Do you remember Christmas in the 90s?
Cue novelty knitwear, the Furby and Wallace and Gromit.
Christmas is a magical time of year... but was it even better in the 1990s? Here are a few reminders of Christmas through the decade.
Maybe it was the influence of home improvement shows like Changing Rooms, but Christmas decorations went up a notch in the taste stakes in the 1990s. White lights and real Christmas trees started replacing the old plastic foliage and coloured lights of old, while even the baubles had a more stylish feel to them.
But then others went in completely the opposite direction, with the 90s being the decade when some families began decking out the front of their homes in as many lights as they could muster, complete with inflatable snowmen, reindeer and a plastic Father Christmas or three.
THE FOOD AND DRINK
The 90s were the decade when the first celebrity chefs reared their heads, causing people to start taking a few risks with the Christmas dinner, even if it was just adding some pancetta to their brussels sprouts.
There were no online food deliveries but ready-prepared vegetables made it easier for those who didn’t want to chop till their dropped.
Advent calendars started having decent chocolate in them and Christmas Day breakfast became a thing, with Brits developing a taste for Bucks Fizz served with smoked salmon.
Christmas-themed socks, jumpers and other novelty items grew in popularity – and some people were actually pleased to receive them.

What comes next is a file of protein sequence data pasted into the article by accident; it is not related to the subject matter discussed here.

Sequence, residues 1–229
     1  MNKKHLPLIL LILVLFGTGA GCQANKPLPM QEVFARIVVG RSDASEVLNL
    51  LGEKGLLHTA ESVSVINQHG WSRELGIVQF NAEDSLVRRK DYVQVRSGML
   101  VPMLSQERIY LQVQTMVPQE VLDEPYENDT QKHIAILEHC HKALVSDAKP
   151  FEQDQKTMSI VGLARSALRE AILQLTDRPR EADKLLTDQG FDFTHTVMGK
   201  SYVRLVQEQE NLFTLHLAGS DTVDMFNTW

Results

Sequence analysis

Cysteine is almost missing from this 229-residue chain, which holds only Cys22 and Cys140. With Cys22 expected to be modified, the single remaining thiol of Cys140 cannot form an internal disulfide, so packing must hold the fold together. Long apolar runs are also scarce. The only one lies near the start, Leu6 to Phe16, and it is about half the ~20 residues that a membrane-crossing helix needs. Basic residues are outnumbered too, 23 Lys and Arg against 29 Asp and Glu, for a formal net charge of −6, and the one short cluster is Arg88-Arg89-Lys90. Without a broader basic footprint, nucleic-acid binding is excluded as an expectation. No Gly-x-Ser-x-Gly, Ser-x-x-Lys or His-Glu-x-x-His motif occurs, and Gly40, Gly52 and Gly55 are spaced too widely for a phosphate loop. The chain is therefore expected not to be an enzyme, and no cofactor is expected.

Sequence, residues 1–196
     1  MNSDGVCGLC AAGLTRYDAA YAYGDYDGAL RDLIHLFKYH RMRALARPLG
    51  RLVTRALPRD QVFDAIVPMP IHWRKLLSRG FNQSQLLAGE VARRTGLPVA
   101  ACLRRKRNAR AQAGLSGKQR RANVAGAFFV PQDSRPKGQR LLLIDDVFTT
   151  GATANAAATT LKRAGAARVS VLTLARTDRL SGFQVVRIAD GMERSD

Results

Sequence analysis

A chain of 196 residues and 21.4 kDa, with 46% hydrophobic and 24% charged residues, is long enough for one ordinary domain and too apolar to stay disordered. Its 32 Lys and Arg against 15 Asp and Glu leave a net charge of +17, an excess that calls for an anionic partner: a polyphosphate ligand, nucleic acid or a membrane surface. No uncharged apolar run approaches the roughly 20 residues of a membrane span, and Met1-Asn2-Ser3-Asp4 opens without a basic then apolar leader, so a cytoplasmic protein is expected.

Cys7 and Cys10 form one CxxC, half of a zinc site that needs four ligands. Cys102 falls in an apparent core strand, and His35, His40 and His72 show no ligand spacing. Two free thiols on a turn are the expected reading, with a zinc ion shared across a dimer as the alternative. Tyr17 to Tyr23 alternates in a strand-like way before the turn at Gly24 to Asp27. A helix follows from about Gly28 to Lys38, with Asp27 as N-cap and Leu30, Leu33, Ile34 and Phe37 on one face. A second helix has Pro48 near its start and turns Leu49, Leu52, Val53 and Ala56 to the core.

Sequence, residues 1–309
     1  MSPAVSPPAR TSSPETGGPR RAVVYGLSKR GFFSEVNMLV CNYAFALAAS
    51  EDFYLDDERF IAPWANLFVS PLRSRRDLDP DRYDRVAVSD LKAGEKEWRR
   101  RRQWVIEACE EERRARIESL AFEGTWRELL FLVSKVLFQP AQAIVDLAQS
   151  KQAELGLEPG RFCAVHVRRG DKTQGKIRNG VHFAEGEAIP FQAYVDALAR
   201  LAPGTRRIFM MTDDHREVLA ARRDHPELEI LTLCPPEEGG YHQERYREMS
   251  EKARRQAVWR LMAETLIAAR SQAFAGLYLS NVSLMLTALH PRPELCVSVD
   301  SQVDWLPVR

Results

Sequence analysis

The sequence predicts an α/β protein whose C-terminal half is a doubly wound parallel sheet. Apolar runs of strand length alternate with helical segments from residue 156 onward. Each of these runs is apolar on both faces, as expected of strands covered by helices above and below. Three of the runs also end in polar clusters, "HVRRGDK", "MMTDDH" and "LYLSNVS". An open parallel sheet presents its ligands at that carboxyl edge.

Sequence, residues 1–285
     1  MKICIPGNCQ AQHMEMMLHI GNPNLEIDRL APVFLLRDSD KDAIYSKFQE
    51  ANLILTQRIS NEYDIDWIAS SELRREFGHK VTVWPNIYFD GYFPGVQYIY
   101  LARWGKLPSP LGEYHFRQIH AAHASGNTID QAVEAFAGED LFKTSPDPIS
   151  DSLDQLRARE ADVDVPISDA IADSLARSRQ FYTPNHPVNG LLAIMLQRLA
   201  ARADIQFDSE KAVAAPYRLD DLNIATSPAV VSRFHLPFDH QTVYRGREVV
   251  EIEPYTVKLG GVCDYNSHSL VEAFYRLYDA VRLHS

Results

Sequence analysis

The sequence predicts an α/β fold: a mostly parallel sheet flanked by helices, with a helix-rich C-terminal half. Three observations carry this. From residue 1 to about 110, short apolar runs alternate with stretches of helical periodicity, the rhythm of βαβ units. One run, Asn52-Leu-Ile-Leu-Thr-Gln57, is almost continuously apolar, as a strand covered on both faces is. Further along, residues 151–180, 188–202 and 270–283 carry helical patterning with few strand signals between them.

Video games consoles were highly sought after, with the likes of the Sega Megadrive, Nintendo 64 and handheld Game Boy selling by the million.
Other in-demand toys through the years included electronic robots such as the Furby, Tamagotchi and Tekno the Robotic Puppy who could walk, bark and perform backflips.
One of the more surprising must-have toys was the model Tracy Island from Thunderbirds, which promptly sold out after the BBC ran repeats of the popular puppet series.
When Anthea Turner on Blue Peter demonstrated how to make a homemade version using a couple of empty washing powder packets, a cream cheese box and double-sided sticky tape, 100, 000 viewers requested a copy of the instructions.
The Top of the Pops Christmas special, Only Fools and Horses, Birds of a Feather and the big Christmas Day film were all festive staples, along with Noel’s Christmas Presents (which you hoped didn’t feature Mr Blobby).
We were also introduced to an accident prone inventor called Wallace and Gromit, his long-suffering canine companion. Their adventures in A Grand Day Out, The Wrong Trousers and A Close Shave were among the highlights of Christmas for both the young and the young at heart.
Viewing figures for the festive edition of short-lived BBC soap Eldorado were slightly less impressive.
Cliff Richard kicked the decade off with a fittingly seasonal Christmas number one in the form of Saviour’s Day, while Freddie Mercury posthumously held the top spot in 1991 with These Are The Days of Our Lives, his poignant last single with Queen.
Mr Blobby’s self-titled effort introduced the horror that was the novelty Christmas single, while Christmas 1994 saw boy band East 17’s Stay Another Day hold off Mariah Carey’s All I Want For Christmas Is You – which is the one more likely to be heard on the radio today.
Then the girls took over, the Spice Girls to be precise. The group held the Christmas number one spot for three successive years, a feat they shared with The Beatles three decades earlier. They even presented the Top of the Pops Christmas special, badly, in 1996.